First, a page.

|Hangul||거문고 or 현금|
|Hanja||(none) or 玄琴|
|Revised Romanization||geomun(-)go or hyeon(-)geum|
|McCune–Reischauer||kŏmun'go or hyŏn'gŭm|
The geomungo (also spett lled komungo or kŏmun'go) or hyeongeum (literally "black zither", also spelled hyongum or hyŏn'gŭm) is a traditional Korean stringed musical instrument of the zither family of instruments with both bridges and frets. Scholars believe that the name refers to Goguryeo and translates to "Goguryeo zither" or that it refers to the colour and translates to "black crane zither".
The instrument originated circa the 4th century (see Anak Tomb No.3 infra) through the 7th century from the kingdom of Goguryeo, the northernmost of the Three Kingdoms of Korea, although the instrument can be traced back to the 4th century.
According to the Samguk Sagi (Chronicles of the Three Kingdoms), written in 1145, the geomungo was invented by prime minister Wang San-ak by using the form of the ancient Chinese instrument guqin (also called chilhyeongeum, literally "seven-string zither"). After his death, the instrument was passed down to Ok Bogo, Son Myeong-deuk, Gwi Geum, An Jang, Cheong Jang, and Geuk Jong, while being widely spread over the kingdom.
The geomungo is approximately 162 cm long and 23 cm wide (63.75 inches long, 9 inches wide), and has movable bridges called Anjok and 16 convex frets. It has a hollow body where the front plate of the instrument is made of paulownia wood and the back plate is made of hard chestnut wood. Its six strings, which are made of twisted silk passed through its back plate. The pick is made from bamboo sticks in the size of regular household pencil.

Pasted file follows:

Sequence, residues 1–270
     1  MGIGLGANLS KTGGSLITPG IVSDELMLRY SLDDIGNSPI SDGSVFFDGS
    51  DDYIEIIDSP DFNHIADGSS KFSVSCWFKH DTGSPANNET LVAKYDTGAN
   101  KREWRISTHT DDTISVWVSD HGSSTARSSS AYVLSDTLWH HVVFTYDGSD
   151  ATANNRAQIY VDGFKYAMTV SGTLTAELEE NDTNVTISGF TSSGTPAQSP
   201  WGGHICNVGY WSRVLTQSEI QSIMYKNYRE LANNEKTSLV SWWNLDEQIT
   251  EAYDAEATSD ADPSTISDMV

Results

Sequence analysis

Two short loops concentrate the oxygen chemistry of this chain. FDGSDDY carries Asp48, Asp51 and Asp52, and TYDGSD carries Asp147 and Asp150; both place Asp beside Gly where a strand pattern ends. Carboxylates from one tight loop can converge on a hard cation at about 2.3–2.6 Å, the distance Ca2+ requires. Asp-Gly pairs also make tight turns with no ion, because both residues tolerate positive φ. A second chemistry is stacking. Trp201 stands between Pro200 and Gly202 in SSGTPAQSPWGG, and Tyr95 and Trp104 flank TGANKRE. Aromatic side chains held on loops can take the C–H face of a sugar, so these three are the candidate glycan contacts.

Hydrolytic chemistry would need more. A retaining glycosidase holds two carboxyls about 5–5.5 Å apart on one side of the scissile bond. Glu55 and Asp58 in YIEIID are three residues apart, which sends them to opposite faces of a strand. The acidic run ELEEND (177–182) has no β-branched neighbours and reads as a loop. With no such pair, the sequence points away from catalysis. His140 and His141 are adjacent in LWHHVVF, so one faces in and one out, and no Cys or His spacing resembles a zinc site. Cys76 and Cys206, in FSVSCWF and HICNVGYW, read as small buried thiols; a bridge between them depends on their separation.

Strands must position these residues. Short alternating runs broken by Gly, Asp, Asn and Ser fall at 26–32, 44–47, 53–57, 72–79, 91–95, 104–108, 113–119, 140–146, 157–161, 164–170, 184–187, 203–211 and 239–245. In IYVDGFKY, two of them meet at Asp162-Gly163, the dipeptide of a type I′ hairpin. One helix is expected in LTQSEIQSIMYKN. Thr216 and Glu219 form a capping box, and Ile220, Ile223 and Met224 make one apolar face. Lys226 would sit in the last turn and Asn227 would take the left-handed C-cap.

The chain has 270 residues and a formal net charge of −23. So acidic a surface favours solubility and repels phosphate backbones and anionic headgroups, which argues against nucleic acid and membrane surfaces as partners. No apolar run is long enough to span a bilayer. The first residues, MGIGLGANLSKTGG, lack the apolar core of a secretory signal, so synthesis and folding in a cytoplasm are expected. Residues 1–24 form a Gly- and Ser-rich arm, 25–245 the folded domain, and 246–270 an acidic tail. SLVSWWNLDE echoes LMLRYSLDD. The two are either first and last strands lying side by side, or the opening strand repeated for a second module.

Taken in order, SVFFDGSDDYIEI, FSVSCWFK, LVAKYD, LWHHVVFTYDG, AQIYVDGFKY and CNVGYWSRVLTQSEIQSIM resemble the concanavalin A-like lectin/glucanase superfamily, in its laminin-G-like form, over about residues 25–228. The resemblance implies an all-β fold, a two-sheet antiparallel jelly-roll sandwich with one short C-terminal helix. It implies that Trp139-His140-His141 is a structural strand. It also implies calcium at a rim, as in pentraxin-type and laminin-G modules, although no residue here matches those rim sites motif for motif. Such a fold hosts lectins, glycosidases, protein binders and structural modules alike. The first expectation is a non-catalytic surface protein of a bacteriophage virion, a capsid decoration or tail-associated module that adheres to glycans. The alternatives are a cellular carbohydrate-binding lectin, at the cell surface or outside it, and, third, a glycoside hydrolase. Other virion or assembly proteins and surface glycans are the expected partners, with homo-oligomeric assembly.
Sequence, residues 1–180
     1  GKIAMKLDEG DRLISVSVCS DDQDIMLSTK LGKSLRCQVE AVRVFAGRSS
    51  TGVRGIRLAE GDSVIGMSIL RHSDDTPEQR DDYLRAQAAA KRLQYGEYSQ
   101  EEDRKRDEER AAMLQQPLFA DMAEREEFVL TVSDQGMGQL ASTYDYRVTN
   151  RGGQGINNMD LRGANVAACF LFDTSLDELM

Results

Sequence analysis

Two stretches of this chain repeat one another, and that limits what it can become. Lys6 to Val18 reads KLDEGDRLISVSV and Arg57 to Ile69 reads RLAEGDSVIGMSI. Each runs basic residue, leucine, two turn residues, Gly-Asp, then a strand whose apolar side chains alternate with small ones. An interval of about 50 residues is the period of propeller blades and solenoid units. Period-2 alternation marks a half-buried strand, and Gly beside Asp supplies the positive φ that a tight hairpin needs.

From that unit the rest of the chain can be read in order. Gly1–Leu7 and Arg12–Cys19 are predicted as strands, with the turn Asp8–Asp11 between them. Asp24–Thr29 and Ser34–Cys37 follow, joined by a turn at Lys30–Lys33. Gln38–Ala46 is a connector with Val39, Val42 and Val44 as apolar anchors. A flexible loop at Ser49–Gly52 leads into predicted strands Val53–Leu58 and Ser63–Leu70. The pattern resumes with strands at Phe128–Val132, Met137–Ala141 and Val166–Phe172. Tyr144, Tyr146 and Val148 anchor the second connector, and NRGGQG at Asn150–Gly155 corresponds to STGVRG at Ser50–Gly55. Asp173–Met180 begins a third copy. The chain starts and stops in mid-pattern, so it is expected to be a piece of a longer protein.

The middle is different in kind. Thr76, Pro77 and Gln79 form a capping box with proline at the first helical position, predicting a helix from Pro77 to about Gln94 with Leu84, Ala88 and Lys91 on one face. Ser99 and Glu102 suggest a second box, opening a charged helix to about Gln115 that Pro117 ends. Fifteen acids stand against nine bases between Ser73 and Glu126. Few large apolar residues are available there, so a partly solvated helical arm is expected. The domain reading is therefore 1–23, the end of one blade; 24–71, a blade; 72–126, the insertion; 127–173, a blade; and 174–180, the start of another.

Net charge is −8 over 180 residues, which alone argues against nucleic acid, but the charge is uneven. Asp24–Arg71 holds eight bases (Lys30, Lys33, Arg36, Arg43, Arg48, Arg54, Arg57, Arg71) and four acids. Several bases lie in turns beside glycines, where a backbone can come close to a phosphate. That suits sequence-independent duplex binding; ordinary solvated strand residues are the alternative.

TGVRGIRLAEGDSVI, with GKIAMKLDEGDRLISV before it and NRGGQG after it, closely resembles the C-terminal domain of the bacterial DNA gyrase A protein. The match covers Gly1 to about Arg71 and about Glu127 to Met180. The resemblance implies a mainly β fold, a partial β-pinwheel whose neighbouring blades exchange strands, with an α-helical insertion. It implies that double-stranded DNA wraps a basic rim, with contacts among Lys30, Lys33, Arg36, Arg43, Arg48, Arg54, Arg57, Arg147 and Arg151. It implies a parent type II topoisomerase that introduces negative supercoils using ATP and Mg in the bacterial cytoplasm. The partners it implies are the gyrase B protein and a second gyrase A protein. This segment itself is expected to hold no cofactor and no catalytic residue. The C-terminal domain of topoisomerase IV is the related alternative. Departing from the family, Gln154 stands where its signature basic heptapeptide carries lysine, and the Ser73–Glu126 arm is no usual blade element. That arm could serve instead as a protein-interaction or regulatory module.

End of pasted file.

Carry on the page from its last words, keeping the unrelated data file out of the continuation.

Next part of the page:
The geomungo is generally played while seated on the floor. The strings are plucked with a short bamboo stick called suldae, which is held between the index and middle fingers of the right hand, while the left hand presses on the strings to produces various pitches. The most typical tuning of the open strings for the traditional Korean music is D#/Eb, G#/Ab, C, A#/Bb, A#/Bb, and A#/Bb an octave lower than the central tone. The instrument is played in traditional Korean court music and the folk styles of sanjo and sinawi.
Due to its characteristically percussive sound and vigorous playing technique it is thought of as a more "masculine" instrument than the 12-string gayageum (another Korean zither); both instruments, however, are played by both male and female performers.
|Wikimedia Commons has media related to Geomungo.|